A May 2022 survey finds that twenty per cent of Canadians report below average mental health due to increased conflict or aggression when dealing with the public or clients. 

This segment has a mental health score of 54.1, compared with a national average score of 64.9, according to the Mental Health Index report published by LifeWorks (acquired by TELUS Corporation in June 2022). 

The report finds that women are 40 per cent more likely than men to have experienced an increase in aggression or conflict when working with the public or clients. Managers are 60 per cent more likely than non-managers to report this problem. 

Little support  

The index suggests that many organizations are not prepared to deal with this phenomenon. LifeWorks reports that 34 per cent of Canadians say their organization does not provide training, coaching or support to deal with conflict or aggression. Only 44 per cent of respondents claim that their organization provides this type of assistance. 

Hybrid work models... 

The hybrid work model and inflation are apparently exacerbating the problem. “We are seeing heightened levels of workplace stress as tensions rise in the wake of newly enforced hybrid operating models,” Stephen Liptrap, LifeWorks president and CEO, points out.

Liptrap believes that stressors such as inflation are also impacting people’s daily lives. “It’s critical for employers to take note of how these feelings are materializing among employees,” he says. 

...coupled with inflation

Conflict adversely affects business and employee well-being. “To mitigate risk and ensure employees feel safe and supported, providing ongoing training and tailored resources is key,” Liptrap continues. 

Paula Allen, Global Leader and Senior Vice President, Research and Total Wellbeing at LifeWorks, says Canadians have been experiencing ongoing periods of change for more than two years. Coping with these situations can be extremely complex. “This in addition to the current work and economic environment makes for a volatile situation. Organizations can help by acknowledging employee stress, fostering communication, a sense of connection and belonging, providing conflict management training, and promoting individual counselling and support,” Allen says.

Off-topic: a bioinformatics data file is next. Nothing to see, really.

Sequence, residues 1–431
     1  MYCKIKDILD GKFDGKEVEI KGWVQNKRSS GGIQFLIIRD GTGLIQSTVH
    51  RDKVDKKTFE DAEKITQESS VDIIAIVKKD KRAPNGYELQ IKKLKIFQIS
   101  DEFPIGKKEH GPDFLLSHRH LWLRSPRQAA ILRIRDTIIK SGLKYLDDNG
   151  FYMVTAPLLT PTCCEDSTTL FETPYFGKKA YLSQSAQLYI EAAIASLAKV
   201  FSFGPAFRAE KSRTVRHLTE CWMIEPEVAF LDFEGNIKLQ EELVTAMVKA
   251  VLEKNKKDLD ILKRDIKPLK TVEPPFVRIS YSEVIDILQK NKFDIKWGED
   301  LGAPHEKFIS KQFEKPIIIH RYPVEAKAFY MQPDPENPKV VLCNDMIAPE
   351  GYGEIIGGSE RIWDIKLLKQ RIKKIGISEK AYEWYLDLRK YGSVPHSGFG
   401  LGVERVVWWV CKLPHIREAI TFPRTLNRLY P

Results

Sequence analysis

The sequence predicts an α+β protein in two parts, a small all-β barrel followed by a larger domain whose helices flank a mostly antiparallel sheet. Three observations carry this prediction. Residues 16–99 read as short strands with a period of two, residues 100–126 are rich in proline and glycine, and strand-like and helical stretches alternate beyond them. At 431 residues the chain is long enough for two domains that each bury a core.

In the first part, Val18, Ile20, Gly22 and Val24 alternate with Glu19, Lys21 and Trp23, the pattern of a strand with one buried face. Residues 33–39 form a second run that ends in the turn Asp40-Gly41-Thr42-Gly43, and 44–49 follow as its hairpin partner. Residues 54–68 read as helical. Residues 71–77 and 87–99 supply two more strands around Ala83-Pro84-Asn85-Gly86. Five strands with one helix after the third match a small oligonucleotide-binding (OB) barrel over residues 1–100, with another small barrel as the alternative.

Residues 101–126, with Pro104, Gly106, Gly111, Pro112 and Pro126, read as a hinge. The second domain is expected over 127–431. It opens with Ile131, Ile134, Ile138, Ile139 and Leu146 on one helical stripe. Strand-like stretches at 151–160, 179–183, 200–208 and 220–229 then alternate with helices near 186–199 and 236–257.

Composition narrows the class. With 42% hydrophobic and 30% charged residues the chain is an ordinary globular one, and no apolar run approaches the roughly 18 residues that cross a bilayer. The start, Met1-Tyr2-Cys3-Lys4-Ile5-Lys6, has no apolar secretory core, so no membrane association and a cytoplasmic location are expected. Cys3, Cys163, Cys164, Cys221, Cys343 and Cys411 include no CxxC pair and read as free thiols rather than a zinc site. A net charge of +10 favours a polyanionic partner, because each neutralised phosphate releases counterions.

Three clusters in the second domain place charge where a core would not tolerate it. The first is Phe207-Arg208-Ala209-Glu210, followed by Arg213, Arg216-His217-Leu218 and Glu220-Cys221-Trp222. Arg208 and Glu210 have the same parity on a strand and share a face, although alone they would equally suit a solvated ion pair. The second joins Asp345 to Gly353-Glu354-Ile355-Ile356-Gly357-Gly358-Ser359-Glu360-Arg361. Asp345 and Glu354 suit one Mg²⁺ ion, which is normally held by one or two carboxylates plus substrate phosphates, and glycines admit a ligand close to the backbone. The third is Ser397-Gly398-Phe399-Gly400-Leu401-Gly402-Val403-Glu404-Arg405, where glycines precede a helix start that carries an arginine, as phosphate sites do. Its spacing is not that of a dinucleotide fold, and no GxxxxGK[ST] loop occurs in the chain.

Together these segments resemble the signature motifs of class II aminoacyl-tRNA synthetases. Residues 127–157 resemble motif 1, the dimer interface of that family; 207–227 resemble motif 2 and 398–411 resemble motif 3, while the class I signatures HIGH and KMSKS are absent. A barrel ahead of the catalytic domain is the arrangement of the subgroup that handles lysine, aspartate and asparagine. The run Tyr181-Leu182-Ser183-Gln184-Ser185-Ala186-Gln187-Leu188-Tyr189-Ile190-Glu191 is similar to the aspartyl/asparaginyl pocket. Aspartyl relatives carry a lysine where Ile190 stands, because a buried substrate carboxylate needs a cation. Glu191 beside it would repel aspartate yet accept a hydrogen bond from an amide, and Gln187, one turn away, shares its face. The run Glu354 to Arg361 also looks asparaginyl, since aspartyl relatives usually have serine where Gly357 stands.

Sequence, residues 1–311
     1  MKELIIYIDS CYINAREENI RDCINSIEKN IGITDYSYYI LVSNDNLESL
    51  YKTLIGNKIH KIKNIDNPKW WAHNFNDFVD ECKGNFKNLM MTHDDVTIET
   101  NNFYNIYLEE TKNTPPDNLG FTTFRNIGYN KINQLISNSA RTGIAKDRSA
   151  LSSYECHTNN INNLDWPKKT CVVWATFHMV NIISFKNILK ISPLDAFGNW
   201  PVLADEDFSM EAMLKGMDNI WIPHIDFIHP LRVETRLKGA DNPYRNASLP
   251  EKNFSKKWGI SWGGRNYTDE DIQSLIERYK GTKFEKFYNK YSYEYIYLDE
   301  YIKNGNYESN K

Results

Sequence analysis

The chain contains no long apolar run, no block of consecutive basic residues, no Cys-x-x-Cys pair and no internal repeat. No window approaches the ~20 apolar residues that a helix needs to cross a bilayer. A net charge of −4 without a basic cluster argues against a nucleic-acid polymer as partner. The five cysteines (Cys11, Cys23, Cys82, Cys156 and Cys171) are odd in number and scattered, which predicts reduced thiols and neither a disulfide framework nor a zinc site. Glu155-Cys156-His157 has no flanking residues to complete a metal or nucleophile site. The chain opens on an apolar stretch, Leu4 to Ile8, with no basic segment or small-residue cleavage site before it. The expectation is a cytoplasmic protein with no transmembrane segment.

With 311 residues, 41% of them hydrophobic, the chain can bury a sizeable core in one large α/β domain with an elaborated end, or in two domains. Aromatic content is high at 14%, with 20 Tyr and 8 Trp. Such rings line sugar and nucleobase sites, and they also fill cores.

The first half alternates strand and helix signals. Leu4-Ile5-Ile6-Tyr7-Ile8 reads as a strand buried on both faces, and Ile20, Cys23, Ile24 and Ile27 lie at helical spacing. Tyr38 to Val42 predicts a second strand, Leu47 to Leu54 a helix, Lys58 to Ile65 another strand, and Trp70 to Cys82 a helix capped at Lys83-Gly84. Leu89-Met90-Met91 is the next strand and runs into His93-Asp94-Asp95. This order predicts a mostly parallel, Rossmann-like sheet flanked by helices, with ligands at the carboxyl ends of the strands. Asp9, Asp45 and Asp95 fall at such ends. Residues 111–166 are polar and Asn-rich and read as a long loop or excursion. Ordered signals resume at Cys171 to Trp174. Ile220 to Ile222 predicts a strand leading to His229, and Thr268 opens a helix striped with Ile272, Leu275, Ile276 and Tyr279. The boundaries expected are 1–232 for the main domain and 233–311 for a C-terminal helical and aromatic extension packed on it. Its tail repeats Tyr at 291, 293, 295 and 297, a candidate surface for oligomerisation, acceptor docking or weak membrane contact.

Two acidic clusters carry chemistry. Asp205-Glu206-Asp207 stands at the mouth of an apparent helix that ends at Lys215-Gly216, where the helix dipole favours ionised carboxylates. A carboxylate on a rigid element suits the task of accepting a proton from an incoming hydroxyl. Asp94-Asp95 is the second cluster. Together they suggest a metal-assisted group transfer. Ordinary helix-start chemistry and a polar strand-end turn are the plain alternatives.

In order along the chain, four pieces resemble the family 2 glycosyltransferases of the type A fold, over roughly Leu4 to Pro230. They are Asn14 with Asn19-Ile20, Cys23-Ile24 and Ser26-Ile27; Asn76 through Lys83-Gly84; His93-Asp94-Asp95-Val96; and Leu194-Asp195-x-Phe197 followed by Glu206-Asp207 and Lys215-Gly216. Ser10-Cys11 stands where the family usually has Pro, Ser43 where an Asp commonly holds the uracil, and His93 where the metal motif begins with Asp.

The LifeWorks report mentions that nearly one quarter of employed Canadians are struggling to meet their basic needs. Inflation has forced 47 per cent of survey respondents to cut back on optional spending. In addition, 23 per cent of employees report that inflation is affecting their ability to meet their basic needs. These individuals’ mental health score is 13 points below the national average.

Index adjusted to the COVID reality 

At 64.9 out of 100 in May 2022, the mental health score for Canadians remains virtually unchanged from April's 64.8. “The mental health of working Canadians has been strained for more than two years, suggesting the emergence of a lower baseline measure of mental health going forward,” LifeWorks’ report reads. 

Published since April 2020 as a relative value, the Index changed to an absolute value in May 2022 to better reflect the impact of COVID on the mental health status of Canadian workers. In a note to its index trend chart, LifeWorks says it made the move to absolute scores because of the degree of change that has occurred over the past two years. “It is unlikely that a return to pre-pandemic levels will be realized hence the reference relative to that benchmark is no longer relevant,” the report says. 

To compile the index, LifeWorks has been conducting monthly surveys. The May 2022 survey involved 3,000 people who live in Canada and are currently or were employed within the prior six months, the firm says.

Mental health scores improved in Alberta, Manitoba, Quebec, Newfoundland and Labrador, and the Maritimes, while British Columbia, Saskatchewan and Ontario saw declines in mental health, the index report notes.

Lifeworks adds that at 70.5, Newfoundland and Labrador’s mental health score was the highest in Canada in May 2022. In contrast, Saskatchewan posted the country’s lowest mental health score, at 63.5. This score dipped by 2.4 points from the previous month.

In Manitoba, the score of 65.4 for May 2022 rose 2.3 points from the previous month. This increase amounts to the largest improvement in mental health across Canada.